Last weekend’s Pride March, which proceeded along Brook Road, also marked the 51st anniversary of the six-day Stonewall Uprising in New York, which served as a catalyst for the gay rights movement in the United States.
A huge figure representing gay pride becomes a focal point last Saturday for Stonewall Rising: LGBTQ March for Black Lives. Hundreds of members of VA Pride, Minority Vets and other partners flooded the streets of North Side to show they are allied with the cause of racial justice. Pictured here is the starting point at Diversity Richmond on Sherwood Avenue.
Marchers with Stonewall Rising stop in front of the Richmond Police Training Academy on West Graham Road, where they were met by a line of Richmond Police and State Police in riot gear. The face-off ended peacefully after several demonstrators spoke.
About 100 young people make their way from the Richmond Children’s Museum up Arthur Ashe Boulevard to the Arthur Ashe Jr. Athletic Center as part of the Black Lives Matter Youth & Children’s March last Saturday.
A young woman prepares to lay flowers at the base of the Lee statue on Monument Avenue that has become a memorial to African-Americans across the country killed at the hands of police.
A protester confronts Virginia State Police troopers, who declared an unlawful assembly before pepper-spraying peaceful protesters and bystanders last Friday.
Members of the 381 Movement lead a march through the Hillside Court public housing community in South Side last Friday, bringing the call for racial justice and against police violence to residents south of the James River. The movement’s name is inspired by the 1955-56 bus boycott in Montgomery, Ala., after Rosa Parks refused to give up her seat that lasted 381 days.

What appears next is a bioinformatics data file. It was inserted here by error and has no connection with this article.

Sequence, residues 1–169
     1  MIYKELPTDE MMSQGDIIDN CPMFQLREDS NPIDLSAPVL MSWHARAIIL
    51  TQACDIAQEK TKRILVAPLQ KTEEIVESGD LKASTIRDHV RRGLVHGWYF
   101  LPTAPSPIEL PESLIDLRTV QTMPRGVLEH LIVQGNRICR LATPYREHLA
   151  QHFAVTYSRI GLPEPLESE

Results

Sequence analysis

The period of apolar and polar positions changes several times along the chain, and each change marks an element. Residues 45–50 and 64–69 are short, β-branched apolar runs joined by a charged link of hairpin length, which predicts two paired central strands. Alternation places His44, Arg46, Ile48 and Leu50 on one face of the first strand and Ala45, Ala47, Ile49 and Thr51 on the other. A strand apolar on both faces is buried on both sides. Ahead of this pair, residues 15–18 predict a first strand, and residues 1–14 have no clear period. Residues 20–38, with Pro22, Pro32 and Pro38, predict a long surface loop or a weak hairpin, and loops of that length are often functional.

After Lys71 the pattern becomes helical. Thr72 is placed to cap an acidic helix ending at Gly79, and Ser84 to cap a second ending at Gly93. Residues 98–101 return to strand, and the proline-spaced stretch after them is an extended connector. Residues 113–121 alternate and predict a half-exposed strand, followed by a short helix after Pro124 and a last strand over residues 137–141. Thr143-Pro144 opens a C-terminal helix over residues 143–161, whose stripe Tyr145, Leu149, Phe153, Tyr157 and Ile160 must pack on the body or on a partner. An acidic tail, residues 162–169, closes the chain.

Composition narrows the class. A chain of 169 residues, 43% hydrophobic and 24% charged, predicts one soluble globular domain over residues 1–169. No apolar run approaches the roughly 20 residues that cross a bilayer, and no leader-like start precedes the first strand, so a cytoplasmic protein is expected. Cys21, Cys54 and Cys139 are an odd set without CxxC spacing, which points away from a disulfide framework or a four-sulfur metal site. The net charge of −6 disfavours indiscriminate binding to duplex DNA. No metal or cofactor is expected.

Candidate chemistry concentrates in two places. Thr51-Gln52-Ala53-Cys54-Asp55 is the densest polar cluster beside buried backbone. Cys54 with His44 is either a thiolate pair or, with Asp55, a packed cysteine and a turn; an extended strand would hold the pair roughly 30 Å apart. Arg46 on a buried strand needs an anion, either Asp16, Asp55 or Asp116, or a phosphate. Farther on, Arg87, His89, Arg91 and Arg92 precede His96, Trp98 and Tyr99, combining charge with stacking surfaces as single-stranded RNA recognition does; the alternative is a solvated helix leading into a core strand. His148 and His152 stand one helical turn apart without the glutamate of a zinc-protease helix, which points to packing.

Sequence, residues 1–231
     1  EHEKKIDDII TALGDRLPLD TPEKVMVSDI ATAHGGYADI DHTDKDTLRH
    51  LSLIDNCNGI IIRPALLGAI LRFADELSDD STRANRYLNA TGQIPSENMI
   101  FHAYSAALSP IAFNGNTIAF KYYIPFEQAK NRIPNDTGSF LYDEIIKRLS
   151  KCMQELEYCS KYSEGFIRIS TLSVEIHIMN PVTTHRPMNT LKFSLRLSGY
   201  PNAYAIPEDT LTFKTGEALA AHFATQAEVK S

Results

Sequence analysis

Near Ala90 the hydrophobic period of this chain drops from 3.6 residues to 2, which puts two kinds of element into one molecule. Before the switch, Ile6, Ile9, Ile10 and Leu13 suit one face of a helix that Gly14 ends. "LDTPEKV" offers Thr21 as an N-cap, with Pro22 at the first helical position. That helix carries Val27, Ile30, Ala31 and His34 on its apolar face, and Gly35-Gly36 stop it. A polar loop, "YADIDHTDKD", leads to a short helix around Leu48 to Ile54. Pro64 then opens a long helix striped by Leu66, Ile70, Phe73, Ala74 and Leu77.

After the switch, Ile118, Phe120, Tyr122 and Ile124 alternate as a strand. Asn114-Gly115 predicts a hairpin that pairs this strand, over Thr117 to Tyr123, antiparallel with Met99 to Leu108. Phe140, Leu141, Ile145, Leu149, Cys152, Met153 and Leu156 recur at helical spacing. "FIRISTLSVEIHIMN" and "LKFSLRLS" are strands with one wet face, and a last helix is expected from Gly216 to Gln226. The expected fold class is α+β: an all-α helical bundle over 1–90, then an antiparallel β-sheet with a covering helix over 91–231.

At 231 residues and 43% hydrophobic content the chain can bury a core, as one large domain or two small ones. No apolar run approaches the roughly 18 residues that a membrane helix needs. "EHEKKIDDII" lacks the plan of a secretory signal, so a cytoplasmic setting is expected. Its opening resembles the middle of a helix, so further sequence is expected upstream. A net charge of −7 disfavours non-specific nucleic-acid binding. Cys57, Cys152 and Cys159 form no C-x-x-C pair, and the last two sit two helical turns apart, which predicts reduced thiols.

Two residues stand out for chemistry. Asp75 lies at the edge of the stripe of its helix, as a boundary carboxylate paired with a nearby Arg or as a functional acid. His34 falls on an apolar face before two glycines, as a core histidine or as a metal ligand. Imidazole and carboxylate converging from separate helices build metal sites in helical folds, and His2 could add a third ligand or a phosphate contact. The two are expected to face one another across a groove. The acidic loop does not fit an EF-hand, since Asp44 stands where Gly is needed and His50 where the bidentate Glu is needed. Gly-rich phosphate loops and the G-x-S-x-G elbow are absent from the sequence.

Former Richmond City Councilman Henry W. “Chuck” Richardson and his Pomeranian drive by the Lee statue on June 24, where people were peacefully gathered in a spirit of solidarity early in the day. Mr. Richardson, carrying out a protest of his own, said he will not cut the beard he has been growing during the pandemic until the Confederate monuments are taken down.
After declaring an unlawful assembly last Friday, State Police release tear gas on the crowd of peaceful protesters and bystanders at the Lee statue. The state began shutting down the area around the statue from sunset to sunrise under an order last week from Gov. Ralph S. Northam.
Work is underway on the $1.2 million renovation of Virginia Union University’s renamed Wil- lie Lanier Field at Hovey Stadium. Mr. Lanier, a former All-Star and Pro Bowl player with the Kansas City Chiefs from 1967 to 1977, played on Hovey Field when he was a student nearly 60 years ago at Richmond’s Maggie L. Walker High School next door. He has played a vital role in the project to resurface the field from grass to FieldTurf. When the VUU Panthers football team kicks off its 2020 season home opener on Oct. 3 against Shaw University, the new field will be a point of pride for the team and will put VUU on the same level as universities around the nation, officials stated. “That field shows something,” Mr. Lanier stated. “It shows the ability of what it is to provide for those young individuals who can take confidence and pride in where they play and how they are able to perform.” Squares of the old grass field, which has been in place since 1907, are being sold online to help fund the project. Go to https://vuusports.com/sports/2008/11/5/MBB_1105085727.aspx?id=42
Cone flower in North Side